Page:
No Shot: US Vaccine Prices and Shortages

23 Pages Posted: 16 Apr 2016

See all articles by David B. Ridley

David B. Ridley

Duke University - Fuqua School of Business

Xiaoshu Bei

Fuqua School of Business, Duke University

Eli Liebman

Duke University, Department of Economics, Students

Date Written: February 1, 2016

Abstract

In 2004 an Institute of Medicine report warned of vaccine shortages, raising concerns about disease outbreaks. More than a decade later, we looked for progress in reducing vaccine shortages. We analyzed data on vaccine sales and shortages reported by practitioners and patients to the Food and Drug Administration and the American Society of Health-System Pharmacists in the period 2004–13. We found that the number of annual vaccine shortages peaked in 2007, when there were shortages of seven vaccines; there were only two shortages in 2013. There were no shortages of vaccines with a mean price per dose greater than $75 during the study period. Furthermore, we found that a 10 percent increase in price was associated with a nearly 1 percent decrease in the probability of a shortage. Government payers should carefully consider the benefits of averting shortages when evaluating prices for vaccines, including older vaccines whose prices have been subject to congressional price caps.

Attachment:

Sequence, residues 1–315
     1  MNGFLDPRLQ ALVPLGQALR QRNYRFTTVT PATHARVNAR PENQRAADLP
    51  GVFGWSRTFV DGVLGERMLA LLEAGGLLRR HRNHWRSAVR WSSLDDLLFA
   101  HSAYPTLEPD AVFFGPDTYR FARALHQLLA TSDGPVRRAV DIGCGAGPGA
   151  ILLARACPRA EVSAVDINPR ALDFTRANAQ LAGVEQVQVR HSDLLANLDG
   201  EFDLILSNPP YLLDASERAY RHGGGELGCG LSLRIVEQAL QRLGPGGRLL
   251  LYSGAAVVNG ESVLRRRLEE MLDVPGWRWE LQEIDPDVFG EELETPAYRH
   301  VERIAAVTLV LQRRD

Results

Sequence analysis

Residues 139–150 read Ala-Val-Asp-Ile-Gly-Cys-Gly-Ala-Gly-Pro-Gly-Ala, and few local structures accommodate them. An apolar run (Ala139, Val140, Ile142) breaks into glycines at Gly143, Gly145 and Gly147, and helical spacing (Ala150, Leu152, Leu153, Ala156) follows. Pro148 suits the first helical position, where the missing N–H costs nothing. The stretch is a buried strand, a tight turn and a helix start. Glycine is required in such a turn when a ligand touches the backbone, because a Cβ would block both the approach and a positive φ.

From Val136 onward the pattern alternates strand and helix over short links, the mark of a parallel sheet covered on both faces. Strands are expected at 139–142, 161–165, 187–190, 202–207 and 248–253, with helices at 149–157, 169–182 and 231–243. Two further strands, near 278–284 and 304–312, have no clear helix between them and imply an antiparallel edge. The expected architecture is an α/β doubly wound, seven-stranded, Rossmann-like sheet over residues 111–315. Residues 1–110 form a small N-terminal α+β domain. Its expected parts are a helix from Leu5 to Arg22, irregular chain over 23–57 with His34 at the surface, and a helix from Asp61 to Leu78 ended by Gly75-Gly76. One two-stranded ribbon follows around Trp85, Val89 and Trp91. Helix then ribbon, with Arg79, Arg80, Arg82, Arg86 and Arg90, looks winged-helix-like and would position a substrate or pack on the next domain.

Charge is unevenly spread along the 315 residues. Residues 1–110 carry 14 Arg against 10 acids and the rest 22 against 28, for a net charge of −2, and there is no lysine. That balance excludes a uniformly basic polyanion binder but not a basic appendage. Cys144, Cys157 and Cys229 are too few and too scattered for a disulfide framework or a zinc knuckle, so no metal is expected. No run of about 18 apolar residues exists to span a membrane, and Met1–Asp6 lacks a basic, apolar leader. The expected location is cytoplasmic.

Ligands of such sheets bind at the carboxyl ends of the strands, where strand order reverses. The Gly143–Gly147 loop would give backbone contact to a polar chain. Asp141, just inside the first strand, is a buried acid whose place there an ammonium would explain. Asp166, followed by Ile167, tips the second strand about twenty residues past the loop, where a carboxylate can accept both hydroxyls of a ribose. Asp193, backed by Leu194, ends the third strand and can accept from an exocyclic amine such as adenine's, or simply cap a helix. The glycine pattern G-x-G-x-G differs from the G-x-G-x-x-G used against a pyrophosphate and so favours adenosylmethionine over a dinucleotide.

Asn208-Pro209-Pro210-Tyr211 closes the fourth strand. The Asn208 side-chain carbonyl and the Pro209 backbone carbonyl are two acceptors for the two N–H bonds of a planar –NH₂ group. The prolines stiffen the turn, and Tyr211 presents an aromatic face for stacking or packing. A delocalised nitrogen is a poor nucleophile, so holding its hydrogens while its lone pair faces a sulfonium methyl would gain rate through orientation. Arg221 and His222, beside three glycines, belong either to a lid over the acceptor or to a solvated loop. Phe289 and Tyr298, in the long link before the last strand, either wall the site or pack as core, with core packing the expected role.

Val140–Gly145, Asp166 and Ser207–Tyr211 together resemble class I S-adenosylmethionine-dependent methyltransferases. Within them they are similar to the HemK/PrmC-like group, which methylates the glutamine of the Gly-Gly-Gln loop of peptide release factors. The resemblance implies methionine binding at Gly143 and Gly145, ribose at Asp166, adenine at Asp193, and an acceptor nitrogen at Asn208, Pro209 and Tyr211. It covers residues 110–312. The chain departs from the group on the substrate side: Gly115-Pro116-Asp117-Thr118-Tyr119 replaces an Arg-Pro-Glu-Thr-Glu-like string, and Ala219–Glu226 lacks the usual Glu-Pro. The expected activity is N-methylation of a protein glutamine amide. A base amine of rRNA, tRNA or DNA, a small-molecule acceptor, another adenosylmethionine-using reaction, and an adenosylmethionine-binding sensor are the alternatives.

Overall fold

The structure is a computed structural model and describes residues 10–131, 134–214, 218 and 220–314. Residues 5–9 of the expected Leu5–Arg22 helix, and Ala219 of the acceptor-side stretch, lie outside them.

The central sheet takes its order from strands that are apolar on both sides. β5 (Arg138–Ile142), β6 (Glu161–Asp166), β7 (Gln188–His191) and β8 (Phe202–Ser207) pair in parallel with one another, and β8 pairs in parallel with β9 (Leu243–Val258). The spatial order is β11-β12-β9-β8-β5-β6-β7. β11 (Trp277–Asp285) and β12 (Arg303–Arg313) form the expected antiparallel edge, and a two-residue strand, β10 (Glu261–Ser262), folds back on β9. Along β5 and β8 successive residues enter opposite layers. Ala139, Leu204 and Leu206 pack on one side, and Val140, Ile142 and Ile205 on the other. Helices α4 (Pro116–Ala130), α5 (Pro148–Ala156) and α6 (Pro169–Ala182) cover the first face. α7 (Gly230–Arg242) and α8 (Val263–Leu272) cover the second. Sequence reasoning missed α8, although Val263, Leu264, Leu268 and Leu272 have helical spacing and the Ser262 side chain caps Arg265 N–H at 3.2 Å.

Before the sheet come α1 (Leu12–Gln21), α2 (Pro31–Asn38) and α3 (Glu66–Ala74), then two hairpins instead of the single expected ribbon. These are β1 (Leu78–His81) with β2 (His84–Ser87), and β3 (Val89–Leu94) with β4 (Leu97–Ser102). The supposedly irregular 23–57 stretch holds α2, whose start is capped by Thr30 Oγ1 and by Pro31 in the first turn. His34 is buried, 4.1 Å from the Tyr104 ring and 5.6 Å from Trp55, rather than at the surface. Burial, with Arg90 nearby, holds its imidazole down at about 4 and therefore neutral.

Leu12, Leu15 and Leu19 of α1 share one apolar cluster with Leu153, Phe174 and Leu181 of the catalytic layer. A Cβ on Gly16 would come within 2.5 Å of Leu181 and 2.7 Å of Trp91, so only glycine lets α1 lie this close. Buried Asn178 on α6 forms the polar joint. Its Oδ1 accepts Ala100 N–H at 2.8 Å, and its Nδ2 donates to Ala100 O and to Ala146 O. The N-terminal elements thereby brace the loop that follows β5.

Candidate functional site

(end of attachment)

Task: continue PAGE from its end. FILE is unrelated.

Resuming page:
Keywords: Vaccines, shortages

JEL Classification: I18, L65

Suggested Citation

Ridley, David B. and Bei, Xiaoshu and Liebman, Eli, No Shot: US Vaccine Prices and Shortages (February 1, 2016). Health Affairs, Vol. 35, No. 2, 2016. Available at SSRN: https://ssrn.com/abstract=2763886 or http://dx.doi.org/10.2139/ssrn.2763886

David B. Ridley (Contact Author)

Duke University - Fuqua School of Business ( email )

Box 90120
Durham, NC 27708-0120
United States

Xiaoshu Bei

Fuqua School of Business, Duke University ( email )

Box 90120
Durham, NC 27708-0120
United States
919-699-8937 (Phone)

Eli Liebman

Duke University, Department of Economics, Students ( email )

Durham, NC
United States

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